Dallas Society For Psychoanalytic Psychology Arts
Annual Fall Diversity Film Program & Discussion
The Indian-American Experience:
The Highs and Lows of Challenges and Opportunities
Sunday, October 17, 4 to 5:30 pm
at Stonebriar Country Club
Invited Discussants: Aekta Malhotra, M.D. and Jaina Sanga, Ph.D.
Facilitated by Angelica Tratter, Ph.D.
Today‘s Special is a 2009 independent film adapted from an Off-Broadway play (Sakina’s Restaurant). The script was adapted by Aasif Mandvi, a British-American actor and popular comedian of Indian descent, who also wrote the play and stars in the leading role.
The film won the “Best of the Fest Award” at the 2010 Palm Springs International Film Festival.
The film is a lighthearted, charming and entertaining comedy, a ‘feel-good fable’, that pays tribute to many relevant cultural tropes, such as father-son conflict, within-group marriage expectations, personal and family ambitions, mentorship and professional success, as well as the role of religion and spirituality. The plot’s fated twists and turns give a good picture of the typical challenges that Indian-Americans of first and second generations face as they make their home and life in this country.
India has in its own right an immensely rich and fascinating cultural tradition. It also was the largest former colony, known as ‘the Jewel in the Crown’ for the British Empire during its colonial rule. In contemporary America, Indian immigrants are often considered a “model minority”, given that Indian Americans undergo a performance oriented childhood (as evidenced also in the scores of spelling bee champions year after year), and are generally on average highly accomplished and financially successful. Moreover, it is Indian Americans who have the highest median household income in the nation. This apparent success story, however, harbors its own shadow as it can lead to being taken for granted and not receiving assistance when needed. Additionally, questions of a ‘postcolonial identity’ and being part of the larger group of ‘people of color’ will also be of interest and concern for our discussion.
Watching the Film: Attendees are encouraged to stream the film on their own time. We will gather for the discussion only, during which our invited discussants will share their knowledge and experiences with us.
Location of the Discussion: We will meet on the lush grounds of Stonebriar Country Club, in a generously sized covered outdoor patio that is reserved for us in the downstairs area of the main building. The Club is located on 5050 Country Club Drive in South Frisco (off Legacy Drive, near Dallas North Tollway and Sam Rayburn Tollway). Parking is all along the main building.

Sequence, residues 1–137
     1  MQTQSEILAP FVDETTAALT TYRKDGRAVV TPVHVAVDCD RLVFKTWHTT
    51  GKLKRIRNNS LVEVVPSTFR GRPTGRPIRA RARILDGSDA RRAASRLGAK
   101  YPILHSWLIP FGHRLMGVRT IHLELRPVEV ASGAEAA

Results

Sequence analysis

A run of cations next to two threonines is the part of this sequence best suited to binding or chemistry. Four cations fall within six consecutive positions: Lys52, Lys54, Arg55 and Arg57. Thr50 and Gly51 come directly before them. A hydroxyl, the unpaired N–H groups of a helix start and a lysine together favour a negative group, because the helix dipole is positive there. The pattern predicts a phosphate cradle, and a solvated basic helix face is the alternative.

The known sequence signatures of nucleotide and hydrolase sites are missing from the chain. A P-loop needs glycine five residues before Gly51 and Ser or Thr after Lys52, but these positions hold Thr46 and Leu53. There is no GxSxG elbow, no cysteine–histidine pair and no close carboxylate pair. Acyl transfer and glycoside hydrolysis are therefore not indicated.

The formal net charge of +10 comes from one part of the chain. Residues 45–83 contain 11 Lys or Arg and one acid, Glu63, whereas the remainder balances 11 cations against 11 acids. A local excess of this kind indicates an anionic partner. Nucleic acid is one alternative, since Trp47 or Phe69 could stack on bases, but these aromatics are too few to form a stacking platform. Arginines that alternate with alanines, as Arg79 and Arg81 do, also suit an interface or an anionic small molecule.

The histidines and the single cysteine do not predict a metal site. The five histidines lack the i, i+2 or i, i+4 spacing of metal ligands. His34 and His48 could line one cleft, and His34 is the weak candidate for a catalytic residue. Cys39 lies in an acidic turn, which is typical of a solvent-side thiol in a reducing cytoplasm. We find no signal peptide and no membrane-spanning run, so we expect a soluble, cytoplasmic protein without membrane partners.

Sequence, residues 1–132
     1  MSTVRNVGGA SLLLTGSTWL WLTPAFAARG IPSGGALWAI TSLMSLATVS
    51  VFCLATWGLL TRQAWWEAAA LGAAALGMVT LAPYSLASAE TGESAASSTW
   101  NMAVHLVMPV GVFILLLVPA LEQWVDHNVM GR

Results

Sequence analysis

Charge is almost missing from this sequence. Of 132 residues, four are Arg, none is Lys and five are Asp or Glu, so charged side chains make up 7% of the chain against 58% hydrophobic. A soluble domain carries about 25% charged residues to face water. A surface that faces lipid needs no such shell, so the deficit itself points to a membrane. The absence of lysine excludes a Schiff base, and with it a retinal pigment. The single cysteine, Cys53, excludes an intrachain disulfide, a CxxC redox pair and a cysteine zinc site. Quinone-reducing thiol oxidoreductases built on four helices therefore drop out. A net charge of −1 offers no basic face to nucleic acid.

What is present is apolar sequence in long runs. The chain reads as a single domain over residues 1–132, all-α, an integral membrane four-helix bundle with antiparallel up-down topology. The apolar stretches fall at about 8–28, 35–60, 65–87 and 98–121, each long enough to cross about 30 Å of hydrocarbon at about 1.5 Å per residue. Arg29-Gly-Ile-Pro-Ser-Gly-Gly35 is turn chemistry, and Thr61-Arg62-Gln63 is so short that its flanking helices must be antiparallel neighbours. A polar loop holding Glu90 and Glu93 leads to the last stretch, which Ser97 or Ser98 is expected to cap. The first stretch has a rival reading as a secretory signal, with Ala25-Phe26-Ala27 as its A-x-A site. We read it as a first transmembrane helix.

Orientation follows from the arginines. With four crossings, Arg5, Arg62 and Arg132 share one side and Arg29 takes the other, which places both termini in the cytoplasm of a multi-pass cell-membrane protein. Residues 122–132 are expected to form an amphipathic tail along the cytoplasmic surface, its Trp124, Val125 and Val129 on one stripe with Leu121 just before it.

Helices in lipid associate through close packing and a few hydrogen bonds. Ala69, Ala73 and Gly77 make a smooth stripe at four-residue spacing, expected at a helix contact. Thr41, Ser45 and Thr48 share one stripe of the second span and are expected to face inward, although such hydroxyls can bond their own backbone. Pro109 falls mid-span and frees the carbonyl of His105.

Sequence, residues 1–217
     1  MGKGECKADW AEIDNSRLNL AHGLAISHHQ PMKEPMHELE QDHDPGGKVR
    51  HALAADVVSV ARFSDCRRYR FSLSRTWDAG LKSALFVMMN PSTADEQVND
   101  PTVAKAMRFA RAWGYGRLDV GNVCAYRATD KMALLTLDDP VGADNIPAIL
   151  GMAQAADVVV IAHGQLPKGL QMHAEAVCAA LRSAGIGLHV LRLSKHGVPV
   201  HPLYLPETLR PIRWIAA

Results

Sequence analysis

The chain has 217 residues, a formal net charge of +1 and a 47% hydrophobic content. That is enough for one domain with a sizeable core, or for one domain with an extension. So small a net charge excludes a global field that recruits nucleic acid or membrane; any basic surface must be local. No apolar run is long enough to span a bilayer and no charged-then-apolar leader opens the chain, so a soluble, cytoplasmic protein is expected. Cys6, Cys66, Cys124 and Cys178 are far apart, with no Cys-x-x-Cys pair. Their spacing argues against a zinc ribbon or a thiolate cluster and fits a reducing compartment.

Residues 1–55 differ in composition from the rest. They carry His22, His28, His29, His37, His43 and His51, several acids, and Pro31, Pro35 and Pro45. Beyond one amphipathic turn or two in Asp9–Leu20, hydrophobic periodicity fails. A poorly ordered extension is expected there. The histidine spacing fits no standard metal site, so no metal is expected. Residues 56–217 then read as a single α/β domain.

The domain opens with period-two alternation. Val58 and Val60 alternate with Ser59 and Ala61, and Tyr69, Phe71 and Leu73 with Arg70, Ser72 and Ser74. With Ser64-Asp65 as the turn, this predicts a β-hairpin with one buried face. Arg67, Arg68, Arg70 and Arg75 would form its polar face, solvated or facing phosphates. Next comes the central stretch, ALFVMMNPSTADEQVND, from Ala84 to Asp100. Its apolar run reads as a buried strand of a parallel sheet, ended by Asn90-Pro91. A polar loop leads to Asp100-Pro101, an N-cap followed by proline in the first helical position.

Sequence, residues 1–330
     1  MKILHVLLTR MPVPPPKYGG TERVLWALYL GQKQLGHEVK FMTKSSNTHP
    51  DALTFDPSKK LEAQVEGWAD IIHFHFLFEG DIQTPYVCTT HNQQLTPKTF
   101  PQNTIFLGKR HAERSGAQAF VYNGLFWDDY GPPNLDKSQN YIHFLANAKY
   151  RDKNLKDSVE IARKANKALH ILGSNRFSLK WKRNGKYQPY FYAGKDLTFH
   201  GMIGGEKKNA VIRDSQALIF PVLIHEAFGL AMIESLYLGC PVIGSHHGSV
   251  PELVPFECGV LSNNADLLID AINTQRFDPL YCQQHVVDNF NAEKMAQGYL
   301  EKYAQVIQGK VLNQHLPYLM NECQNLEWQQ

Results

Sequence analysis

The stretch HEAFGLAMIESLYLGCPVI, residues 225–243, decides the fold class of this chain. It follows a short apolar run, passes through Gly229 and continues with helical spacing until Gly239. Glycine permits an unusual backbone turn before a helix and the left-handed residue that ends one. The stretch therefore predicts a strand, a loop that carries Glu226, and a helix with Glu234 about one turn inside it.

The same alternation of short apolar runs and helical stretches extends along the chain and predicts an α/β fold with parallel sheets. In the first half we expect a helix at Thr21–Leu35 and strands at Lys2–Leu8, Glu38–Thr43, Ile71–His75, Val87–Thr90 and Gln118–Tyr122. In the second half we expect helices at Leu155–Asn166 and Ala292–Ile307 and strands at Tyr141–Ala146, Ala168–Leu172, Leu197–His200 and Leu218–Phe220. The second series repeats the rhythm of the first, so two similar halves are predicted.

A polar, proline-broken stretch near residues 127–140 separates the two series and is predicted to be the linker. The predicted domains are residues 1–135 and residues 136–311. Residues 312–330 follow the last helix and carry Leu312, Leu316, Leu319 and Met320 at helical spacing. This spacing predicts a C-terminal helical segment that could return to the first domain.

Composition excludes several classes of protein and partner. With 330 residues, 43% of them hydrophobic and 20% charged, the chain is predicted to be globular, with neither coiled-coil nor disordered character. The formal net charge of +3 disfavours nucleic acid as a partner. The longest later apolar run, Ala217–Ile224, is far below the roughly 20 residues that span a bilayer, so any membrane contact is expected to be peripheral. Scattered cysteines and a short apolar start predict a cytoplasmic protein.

Fee: $20 which covers food and drinks (and CEU’s).
Dr. Aekta Malhotra is a psychiatrist in private practice at Apollo Psychiatry, PLLC, in Plano, TX. She is also a Diversity, Equity, and Inclusion (DEI) and Anti-oppression consultant where she focuses on the psychodynamics of leadership and groups, structural racism and sexism, and organizational diagnosis and culture change. While attending Texas A&M Health Science Center College of Medicine, she co-led the Multicultural Awareness Program, and at the University of Massachusetts Medical School she was involved in several hospital-wide and community mental health Quality Improvement projects focused on equitable health care delivery. She contributes as a clinical content master for healthcare equity apps, services, and products. She is a board member of Equality Texas, the state’s largest LGBTQ equal rights organization, as well as an active member of the Dallas Psychoanalytic Center where she serves on its Committee on Diversity and Inclusion.
Dr. Jaina Sanga is an author of both fiction and non-fiction. She is also a literary scholar, having taught at SMU and the Dallas Institute of Humanities and Culture, where she is a Fellow and on the Board of Directors. She has published a book on Salman Rushdie’s postcolonial writing, edited two volumes on South Asian literature, and authored several articles in scholarly journals in the US and South Asia. She has also made numerous presentations at academic conferences around the world. Currently she focuses on her fiction writing (a detective novel set in India and Dubai) and has previously published the novel Silk Fish Opium (2012), a book of short stories Train to Bombay (2015), and a book of novellas Tourist Season (2017). Her fiction has won several prizes and led to her selection as a participant in prestigious residencies and workshops both in the U.S. and abroad.